There have been a lot of vineyards in our readings recently. Jesus has just told a parable about labourers in a vineyard, which we heard two weeks ago, and now, this morning, two of our readings are all about vineyards. They are important things: they grow grapes which make juice and wine, which people drink. But more than that, at a symbolic level, the vineyard stands for Israel, the land of God’s chosen people. The metaphor of the vineyard allows both Isaiah and Jesus to talk about Israel and their relationship with God. They do not have much to say that is good. Our readings are sad, difficult, hard readings, which tell us the truth about falling short of what God expects of us, His people, who have been made in His image and likeness.

In our first reading today, the prophet Isaiah sings a love-song for his beloved, that is, God, who plants a vineyard on a hill, having prepared the soil and cleared away the stones. These actions are all signs of love and care. God defends the vineyard with a watchtower to give advanced notice of attack. There is also a vat in which to make wine out of the grapes. However, the grapes are wild, but wild grapes are weeds, which grow more vigorously, and their fruit is sour, not sweet. You cannot make good wine from sour grapes. This prophecy speaks of Israel being abandoned and destroyed. This is because God expects justice, but instead, is faced with bloodshed. God looks for righteousness, but instead, finds an outcry. The Hebrew for each pair of words is similar, so the prophet is using wordplay to make the point more strongly. Israel needs to repent, to turn back to God and follow His ways. 

The situation with the Phillipian Christians in our second reading is the complete opposite, and comes as a welcome relief. Here people are living how God wants them to and they are flourishing. They do not need to be anxious, or to worry about anything, as they can ask God in prayer for their needs. Their lives are characterised by peace which passeth all understanding. This is the same peace which I pray for all of us in the blessing at the end of this morning’s service. This peace is meant to characterise our life together as Christians: it how we are supposed to live together.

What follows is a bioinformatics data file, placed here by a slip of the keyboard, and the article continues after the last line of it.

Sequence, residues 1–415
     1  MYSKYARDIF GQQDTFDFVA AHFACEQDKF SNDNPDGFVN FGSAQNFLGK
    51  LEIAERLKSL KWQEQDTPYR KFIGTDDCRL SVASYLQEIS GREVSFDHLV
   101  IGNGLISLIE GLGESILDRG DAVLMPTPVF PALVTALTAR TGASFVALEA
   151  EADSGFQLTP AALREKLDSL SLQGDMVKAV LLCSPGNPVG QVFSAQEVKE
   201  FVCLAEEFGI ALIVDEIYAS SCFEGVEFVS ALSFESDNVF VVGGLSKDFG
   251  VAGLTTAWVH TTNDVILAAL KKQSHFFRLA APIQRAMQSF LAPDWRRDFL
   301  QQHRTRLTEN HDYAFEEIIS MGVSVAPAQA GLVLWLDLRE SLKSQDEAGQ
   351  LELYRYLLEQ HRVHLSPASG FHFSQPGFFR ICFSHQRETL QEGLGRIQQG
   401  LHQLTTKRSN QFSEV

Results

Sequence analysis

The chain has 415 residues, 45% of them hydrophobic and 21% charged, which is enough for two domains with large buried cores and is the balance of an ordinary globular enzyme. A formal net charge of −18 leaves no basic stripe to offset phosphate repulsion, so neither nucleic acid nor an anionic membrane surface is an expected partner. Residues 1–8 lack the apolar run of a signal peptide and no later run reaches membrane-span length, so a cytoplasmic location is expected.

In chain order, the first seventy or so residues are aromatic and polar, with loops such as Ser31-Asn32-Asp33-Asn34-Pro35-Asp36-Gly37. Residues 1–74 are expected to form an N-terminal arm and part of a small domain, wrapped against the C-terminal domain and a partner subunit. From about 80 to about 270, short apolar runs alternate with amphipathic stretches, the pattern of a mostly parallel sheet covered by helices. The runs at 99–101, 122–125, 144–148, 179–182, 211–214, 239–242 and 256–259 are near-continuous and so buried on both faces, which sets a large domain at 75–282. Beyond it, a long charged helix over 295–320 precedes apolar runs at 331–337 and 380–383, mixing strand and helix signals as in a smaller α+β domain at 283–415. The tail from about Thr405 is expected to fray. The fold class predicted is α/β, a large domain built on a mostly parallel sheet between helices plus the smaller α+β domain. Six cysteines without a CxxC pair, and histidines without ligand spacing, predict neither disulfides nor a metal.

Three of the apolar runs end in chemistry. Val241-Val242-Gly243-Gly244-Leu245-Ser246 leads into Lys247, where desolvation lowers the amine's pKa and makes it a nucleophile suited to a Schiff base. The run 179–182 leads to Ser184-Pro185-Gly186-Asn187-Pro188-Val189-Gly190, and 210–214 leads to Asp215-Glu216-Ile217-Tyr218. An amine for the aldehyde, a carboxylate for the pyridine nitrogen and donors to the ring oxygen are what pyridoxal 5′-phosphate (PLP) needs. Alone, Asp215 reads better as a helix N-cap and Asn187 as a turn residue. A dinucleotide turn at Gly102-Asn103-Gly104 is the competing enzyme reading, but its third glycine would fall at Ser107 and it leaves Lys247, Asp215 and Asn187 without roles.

The apostle then finishes this section of his letter with some encouragement:

Finally, brothers, whatever is true, whatever is honourable, whatever is just, whatever is pure, whatever is lovely, whatever is commendable, if there is any excellence, if there is anything worthy of praise, think about these things. What you have learned and received and heard and seen in me—practise these things, and the God of peace will be with you. (Philippians 4:8-9)

These are good words to live by. They show us how we can flourish, following the example set by St Paul. Indeed, that is how Christianity helps us to lead our lives: we are shown a good example, and we follow it. That is how the faith has been transmitted for two thousand years, and will continue in the future, through the sharing of good examples. We can do this, together, as a Christian community, and in so doing, bear much fruit.

In this morning’s Gospel, Jesus continues to teach in the Temple, after His Triumphal entry on Palm Sunday. He has told the parable about labourers in a vineyard, and the parable of the two sons, and now He recited a parable about a vineyard and a son. Jesus sets the scene in a way which clearly refers to the prophecy of Isaiah which we have just heard. The chief priests and elders would have known the prophecy which Jesus was referring to. This parable has a number of servants being sent to collect the fruit:

And the tenants took his servants and beat one, killed another, and stoned another. Again he sent other servants, more than at first. And they did the same to them. (Mt 21:35-36)